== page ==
A climate of fear

Ed. I said it two months ago: The global warming movement is really secular apocalypticism. IMO, the movement is best understood as a cultural rather than scientific movement. The scientific jargon only serves to lend it a veneer of authority and thus legitimacy.

The Age March 18, 2007

Apocalyptic talk about global warming has stirred the sediment of old fears – the mushroom cloud has returned to haunt us. But, Thornton McCamish writes, the last great fright was a little different from the new one.

LAST year felt a bit like Armageddon all over again. It began on TV. Jericho was first: the sinister snickering of geiger-counters, the ICMBs flaming across the American evening sky. Then came Heroes, in which one of the characters, who can paint prophetic images, starts depicting New York under nuclear attack. On the latest 24, the terrorists upgraded to A-bombs.

It spread to literature. One of last year’s most celebrated novels, Cormac McCarthy’s The Road, is an awesomely bleak epic set in the ashen aftermath of what seems to be a nuclear war.

The Bomb was back, like the ghost at a banquet of anxiety. And it wasn’t just explicit imagery that evoked nukes. It was all the stuff about the world ending. From Al Gore to the International Panel on Climate Change, everyone had grim news for the planet.

At the leading edge of climate pessimism, the prognoses were frankly apocalyptic. “Before this century is over, billions of us will die and the few breeding pairs of people that survive will be in the Arctic,” predicted James Lovelock, a renowned environmental scientist.

. . . more


6 thoughts on “A climate of fear”

  1. Global warming has already had a negative impact on world food production. The Lawrence Livermore Laboratory, one of the most respected scientific institutions in the world, and a major contractor the US government, has found that over thapst twenty years warming temperatures have caused annual losses of roughly $5 billion for major food crops

    Crops Feel The Heat As The World Warms, Science Daily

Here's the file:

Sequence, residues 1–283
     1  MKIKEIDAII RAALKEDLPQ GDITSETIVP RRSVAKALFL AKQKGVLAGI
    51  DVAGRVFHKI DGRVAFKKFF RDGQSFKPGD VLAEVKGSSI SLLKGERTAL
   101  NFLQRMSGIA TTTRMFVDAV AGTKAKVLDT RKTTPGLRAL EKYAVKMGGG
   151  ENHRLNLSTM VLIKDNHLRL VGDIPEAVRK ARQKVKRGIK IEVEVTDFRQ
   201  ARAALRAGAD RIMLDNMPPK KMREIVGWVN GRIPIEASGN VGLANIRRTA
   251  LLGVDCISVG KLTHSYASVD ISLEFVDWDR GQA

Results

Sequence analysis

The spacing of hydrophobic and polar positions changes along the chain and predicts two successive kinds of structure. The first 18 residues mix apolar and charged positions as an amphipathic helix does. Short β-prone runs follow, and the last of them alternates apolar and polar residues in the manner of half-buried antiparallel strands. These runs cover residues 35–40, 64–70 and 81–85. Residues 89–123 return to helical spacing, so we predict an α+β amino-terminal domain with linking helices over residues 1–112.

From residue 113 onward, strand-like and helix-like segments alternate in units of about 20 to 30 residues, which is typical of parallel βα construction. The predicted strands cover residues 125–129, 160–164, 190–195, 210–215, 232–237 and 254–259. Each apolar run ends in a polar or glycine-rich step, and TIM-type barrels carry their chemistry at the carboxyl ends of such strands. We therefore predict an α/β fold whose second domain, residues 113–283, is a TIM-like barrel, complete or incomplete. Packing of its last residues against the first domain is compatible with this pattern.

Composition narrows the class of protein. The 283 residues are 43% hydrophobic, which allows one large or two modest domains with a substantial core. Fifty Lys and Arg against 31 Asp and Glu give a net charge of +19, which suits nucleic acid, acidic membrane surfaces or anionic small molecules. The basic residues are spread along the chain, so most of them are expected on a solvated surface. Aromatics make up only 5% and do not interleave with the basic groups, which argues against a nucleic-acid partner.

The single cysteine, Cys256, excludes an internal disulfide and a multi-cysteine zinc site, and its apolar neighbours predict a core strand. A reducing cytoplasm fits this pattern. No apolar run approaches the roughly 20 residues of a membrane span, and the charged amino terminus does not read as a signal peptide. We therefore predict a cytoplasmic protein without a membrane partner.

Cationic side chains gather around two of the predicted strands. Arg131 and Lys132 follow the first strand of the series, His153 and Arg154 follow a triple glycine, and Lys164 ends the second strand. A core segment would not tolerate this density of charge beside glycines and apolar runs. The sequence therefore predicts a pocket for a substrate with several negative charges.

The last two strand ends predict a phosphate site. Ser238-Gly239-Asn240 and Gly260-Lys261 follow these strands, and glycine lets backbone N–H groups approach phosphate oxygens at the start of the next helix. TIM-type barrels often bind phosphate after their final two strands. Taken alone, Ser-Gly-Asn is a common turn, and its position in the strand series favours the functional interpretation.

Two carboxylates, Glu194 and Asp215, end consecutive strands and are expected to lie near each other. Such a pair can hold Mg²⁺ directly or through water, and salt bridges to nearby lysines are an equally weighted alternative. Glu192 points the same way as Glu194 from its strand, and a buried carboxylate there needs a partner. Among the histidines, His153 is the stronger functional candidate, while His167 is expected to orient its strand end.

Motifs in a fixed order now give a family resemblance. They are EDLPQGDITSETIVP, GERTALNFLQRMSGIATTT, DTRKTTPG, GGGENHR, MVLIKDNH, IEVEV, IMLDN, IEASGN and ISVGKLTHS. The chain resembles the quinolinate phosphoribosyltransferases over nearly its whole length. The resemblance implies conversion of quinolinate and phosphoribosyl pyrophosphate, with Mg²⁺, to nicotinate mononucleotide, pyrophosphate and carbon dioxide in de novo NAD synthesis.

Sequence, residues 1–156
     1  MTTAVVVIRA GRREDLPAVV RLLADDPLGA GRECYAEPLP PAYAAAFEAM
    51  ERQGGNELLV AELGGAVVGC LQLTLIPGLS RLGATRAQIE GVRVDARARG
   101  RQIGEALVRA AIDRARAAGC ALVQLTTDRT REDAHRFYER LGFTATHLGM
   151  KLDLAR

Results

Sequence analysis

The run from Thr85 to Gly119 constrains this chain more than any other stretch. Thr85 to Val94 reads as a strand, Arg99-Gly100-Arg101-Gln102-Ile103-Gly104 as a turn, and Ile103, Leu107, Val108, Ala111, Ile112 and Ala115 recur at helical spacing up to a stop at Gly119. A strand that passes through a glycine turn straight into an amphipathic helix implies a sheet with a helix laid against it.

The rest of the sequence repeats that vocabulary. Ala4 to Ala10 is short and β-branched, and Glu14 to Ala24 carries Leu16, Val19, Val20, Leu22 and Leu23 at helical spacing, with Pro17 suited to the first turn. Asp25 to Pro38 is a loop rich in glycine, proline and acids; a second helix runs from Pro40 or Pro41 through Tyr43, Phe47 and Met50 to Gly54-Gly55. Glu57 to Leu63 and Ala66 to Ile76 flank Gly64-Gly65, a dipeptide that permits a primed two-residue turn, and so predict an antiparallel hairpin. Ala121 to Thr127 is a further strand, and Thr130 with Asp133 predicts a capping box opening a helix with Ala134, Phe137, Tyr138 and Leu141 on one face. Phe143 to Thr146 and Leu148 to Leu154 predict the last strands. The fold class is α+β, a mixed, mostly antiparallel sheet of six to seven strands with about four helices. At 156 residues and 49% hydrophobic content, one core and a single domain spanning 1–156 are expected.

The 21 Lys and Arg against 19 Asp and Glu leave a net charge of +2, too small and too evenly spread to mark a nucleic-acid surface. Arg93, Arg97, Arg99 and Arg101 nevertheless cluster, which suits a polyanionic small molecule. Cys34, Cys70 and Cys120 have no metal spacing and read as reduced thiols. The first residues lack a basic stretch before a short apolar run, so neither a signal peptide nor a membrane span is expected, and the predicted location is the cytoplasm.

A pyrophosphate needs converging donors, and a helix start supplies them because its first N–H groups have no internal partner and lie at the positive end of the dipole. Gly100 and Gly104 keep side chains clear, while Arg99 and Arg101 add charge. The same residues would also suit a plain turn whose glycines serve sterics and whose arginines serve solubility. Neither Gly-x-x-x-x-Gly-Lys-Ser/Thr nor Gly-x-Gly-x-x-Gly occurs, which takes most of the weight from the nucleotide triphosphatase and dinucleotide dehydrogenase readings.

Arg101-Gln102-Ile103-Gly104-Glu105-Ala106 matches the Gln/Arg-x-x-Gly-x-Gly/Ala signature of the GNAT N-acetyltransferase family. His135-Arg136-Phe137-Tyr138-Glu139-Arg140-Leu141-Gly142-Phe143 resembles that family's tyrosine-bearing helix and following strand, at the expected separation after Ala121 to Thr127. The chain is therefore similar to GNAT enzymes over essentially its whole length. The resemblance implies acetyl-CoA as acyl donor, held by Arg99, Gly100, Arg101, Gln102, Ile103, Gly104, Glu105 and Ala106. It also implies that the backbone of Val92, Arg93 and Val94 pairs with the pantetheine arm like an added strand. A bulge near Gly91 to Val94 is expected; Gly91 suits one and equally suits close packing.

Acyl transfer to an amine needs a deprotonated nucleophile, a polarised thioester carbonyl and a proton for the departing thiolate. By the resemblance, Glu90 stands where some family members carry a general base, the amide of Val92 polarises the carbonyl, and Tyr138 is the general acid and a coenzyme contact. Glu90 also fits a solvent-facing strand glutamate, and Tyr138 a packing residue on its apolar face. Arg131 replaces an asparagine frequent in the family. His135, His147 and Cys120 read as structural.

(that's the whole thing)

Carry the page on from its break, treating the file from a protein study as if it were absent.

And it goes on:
From 1981-2002, warming reduced the combined production of wheat, corn, and barley–cereal grains that form the foundation of much of the world’s diet–by 40 million metric tons per year. Researchers provide documentation that this decline is due to increases in global temperatures.

    “Most people tend to think of climate change as something that will impact the future,” said Christopher Field, co-author on the study and director of Carnegie’s Department of Global Ecology in Stanford, Calif. “But this study shows that warming over the past two decades has already had real effects on global food supply.”

    The study is the first to estimate how much global food production has already been affected by climate change. Field and David Lobell, lead author of the study and a researcher at Lawrence Livermore National Laboratory, compared yield figures from the Food and Agriculture Organization with average temperatures and precipitation in the major growing regions.

    ..The main value of this study, the authors said, was that it demonstrates a clear and simple correlation between temperature increases and crop yields at the global scale. However, Field and Lobell also used this information to further investigate the relationship between observed warming trends and agriculture.

    Global warming is not a phenomenon of the mind, a popular mania, as this Contrarians and Denialists suggests. It is an event that is happening now and can be measured with real data.